Should Security Concerns Make You Think Twice About Where FTP is Used Within Your Organization?
Web hosting firm DreamHost made headlines this past weekend when it opted to reset the file transfer protocol (FTP) and shell access passwords of its customers after uncovering a possible data breach. But it wasn’t just the prospect of the company adding its name to the list of organizations affected by data breaches that had some talking.
Instead, the move led to Adam Bosnian, executive vice president at password and identity management vendor Cyber-Ark Software, to question whether or not it’s officially time to put FTP on the shelf for good.
“Why should we bury FTP? Because the early engineers who created FTP did not have access to the computer power and software needed for solid encryption, the 40 year old protocol continues to be a serious weakness for the security of connected machines,” Bosnian said. “Because it is so outdated, organizations that utilize FTP are putting sensitive data in potential jeopardy.”
Talk of security problems with FTP is not new. FTP was not designed to encrypt its traffic, making it possible for attackers to sniff packets on the network. A common answer for this is to use FTPS, an extension for FTP that supports the transport layer security (TLS) and secure sockets layer (SSL) protocols.
“A shortcoming with traditional FTP and even encrypted FTP sessions is that after the data is done moving, it sits on the FTP or SFTP server in plain text,” Bosnian said. “As the FTP or SFTP server is commonly connected to the Internet to allow business partners access to it, the data is at risk of being retrieved and shared. FTP passwords can also be susceptible to attack when in clear text as any network sniffer can hijack it. Moreover, FTP technology can slow down business processes, as an organization’s IT team often needs to modify FTP scripts in order to support a new business initiative or bring on a new business partner that needs to exchange sensitive information with the system.”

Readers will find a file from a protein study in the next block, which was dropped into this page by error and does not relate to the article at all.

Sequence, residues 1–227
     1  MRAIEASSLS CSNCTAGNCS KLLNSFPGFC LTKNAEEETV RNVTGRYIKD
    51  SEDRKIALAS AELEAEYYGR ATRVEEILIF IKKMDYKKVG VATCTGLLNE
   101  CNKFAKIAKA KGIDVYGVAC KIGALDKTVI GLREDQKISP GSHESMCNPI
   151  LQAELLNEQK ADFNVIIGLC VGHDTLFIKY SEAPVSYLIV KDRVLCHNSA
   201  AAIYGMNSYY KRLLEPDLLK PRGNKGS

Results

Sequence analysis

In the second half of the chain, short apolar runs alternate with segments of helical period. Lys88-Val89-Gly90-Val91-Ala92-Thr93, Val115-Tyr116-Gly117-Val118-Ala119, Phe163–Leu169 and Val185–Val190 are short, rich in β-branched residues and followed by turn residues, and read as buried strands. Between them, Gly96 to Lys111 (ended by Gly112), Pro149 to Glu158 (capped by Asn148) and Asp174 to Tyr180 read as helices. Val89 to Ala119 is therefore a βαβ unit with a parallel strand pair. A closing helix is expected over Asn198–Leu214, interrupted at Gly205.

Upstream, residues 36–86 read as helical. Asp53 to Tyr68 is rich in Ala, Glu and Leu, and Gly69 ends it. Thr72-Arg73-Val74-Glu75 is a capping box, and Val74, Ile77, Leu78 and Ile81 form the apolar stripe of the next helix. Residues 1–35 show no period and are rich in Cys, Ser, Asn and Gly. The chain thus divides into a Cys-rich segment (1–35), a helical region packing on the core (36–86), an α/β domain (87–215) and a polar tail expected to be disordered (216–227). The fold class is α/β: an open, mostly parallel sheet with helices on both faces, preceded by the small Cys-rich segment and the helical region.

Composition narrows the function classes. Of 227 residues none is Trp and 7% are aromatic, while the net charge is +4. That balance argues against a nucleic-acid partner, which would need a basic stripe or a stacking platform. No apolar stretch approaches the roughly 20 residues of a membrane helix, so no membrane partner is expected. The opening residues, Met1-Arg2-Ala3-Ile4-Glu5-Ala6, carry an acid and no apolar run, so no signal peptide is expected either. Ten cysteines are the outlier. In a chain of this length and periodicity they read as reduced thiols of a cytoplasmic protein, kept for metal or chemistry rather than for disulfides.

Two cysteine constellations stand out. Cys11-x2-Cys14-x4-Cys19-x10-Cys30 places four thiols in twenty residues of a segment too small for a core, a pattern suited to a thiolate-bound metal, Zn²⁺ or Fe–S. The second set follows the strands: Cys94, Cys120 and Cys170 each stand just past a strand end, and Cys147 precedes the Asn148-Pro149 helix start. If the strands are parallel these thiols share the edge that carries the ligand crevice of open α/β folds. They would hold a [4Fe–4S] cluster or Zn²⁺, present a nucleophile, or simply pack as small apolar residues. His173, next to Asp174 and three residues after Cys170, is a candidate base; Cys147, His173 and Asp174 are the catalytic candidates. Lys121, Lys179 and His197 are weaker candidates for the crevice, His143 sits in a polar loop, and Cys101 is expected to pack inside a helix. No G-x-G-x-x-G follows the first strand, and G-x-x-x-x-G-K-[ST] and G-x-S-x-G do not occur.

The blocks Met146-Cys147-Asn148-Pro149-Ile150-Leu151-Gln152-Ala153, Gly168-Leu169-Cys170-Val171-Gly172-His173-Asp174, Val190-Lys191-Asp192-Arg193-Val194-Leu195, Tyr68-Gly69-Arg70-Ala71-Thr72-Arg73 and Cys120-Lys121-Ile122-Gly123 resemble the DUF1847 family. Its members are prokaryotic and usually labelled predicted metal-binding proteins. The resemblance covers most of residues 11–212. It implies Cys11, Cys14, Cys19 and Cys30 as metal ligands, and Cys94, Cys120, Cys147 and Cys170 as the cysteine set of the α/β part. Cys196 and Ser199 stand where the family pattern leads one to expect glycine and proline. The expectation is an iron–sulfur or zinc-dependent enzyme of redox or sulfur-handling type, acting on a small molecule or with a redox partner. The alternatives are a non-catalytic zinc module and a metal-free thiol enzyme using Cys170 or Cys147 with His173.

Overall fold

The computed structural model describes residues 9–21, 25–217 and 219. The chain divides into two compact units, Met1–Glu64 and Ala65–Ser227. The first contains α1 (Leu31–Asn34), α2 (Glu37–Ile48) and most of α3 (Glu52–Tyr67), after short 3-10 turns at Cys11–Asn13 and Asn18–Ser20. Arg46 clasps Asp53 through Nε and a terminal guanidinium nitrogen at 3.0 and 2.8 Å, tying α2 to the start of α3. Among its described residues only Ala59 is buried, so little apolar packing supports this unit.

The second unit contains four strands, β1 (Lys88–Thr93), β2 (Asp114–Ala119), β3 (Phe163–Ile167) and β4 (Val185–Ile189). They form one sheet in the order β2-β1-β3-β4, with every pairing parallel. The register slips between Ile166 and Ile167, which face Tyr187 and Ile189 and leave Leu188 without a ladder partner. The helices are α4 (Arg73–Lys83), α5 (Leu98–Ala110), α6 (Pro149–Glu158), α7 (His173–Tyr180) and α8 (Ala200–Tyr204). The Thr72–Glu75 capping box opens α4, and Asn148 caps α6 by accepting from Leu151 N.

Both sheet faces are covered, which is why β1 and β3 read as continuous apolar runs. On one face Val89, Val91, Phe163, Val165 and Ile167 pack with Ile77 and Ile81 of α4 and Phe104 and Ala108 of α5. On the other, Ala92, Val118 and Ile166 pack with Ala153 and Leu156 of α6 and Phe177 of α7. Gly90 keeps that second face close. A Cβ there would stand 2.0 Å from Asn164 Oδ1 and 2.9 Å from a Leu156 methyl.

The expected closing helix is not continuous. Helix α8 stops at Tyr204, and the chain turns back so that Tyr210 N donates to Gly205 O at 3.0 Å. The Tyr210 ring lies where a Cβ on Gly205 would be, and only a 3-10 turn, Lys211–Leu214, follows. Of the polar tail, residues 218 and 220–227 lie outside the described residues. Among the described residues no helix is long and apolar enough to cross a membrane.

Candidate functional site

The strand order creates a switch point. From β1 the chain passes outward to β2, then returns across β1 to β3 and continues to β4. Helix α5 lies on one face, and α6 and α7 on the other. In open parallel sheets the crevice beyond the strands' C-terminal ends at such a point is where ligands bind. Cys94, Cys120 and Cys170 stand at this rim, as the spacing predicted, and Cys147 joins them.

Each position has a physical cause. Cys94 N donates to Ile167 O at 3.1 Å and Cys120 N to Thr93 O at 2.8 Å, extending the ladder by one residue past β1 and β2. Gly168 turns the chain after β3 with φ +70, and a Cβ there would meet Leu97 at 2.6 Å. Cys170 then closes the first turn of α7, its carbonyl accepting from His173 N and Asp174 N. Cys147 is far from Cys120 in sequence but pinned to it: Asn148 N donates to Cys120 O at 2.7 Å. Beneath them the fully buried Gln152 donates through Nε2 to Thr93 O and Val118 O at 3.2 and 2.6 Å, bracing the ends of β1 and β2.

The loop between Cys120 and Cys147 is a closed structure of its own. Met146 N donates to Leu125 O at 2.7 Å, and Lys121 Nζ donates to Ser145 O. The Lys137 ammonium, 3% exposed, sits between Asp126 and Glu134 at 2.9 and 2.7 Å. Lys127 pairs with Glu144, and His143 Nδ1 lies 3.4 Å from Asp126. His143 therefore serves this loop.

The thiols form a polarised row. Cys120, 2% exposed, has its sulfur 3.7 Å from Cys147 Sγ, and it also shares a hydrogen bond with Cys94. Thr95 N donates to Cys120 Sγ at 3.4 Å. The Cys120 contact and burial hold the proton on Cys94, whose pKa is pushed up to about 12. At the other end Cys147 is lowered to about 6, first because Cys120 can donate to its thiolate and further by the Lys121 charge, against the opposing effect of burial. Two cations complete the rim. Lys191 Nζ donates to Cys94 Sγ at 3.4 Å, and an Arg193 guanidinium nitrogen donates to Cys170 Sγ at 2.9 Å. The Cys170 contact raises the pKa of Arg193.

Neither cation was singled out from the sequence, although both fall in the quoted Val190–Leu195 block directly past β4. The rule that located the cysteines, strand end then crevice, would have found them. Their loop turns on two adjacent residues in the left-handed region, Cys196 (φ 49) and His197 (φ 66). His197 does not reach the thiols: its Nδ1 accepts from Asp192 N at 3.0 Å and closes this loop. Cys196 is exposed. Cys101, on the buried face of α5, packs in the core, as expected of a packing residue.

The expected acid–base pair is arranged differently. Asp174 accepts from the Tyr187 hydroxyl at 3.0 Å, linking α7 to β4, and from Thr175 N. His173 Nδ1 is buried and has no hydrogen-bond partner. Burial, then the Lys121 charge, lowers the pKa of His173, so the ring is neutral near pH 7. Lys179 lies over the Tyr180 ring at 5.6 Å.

“Furthermore, having the ability to know if the files were transferred correctly and on time is very difficult to do with transfer methods such as FTP,” he added.
Part of the issue is that people have higher expectations for the FTP protocol than they need to have, said Hugh Garber, senior product marketing manager at Ipswitch.
“The FTP protocol turned 40 years old in 2011 and although still functional as a technology to move files, it was not designed to provide any encryption or guaranteed delivery,” Garber said. “For some organizations that are transferring non-confidential or non-regulated information, basic standards-based FTP works fine in those low-risk situations.”
Unfortunately, many organizations are still relying on outmoded FTP to move and transfer mission-critical or sensitive information and that introduces risk, he said. FTP lacks many of the management and enforcement capabilities that modern Managed File Transfer solutions offer, he added.
“At a minimum, they should be using encrypted file transfer protocols such as FTPS, SFTP or HTTPS to transfer sensitive company files and data,” he said. “Organizations should choose to migrate away from antiquated FTP because it puts company data at risk – unsecured data is obviously an enormous liability.”
In addition, organizations should proactively work to remove all hard-coded clear-text passwords from their FTP scripts and systems, Bosnian said, noting there are commercial products for replacing, securing and managing vulnerable credentials frequently found unsecured within FTP scripts, servers and applications.
Retiring FTP may make perfect sense from a security perspective, but so does killing reusable passwords, group accounts, hardcoded passwords and so on, opined Gartner analyst John Pescatore.
“Realistically, lots of legacy applications will be using FTP for some time to come and the DreamHost breach was more of a password issue than an FTP issue,” he said. “It really isn’t all that hard to do FTP securely – it is reusable passwords that continue to be the Achilles heel of all this. I think it is encouraging to see Google and a few others start to encourage consumers to use ‘two-step verification’ – i.e., replace reusable passwords with SMS/texting challenge/response.”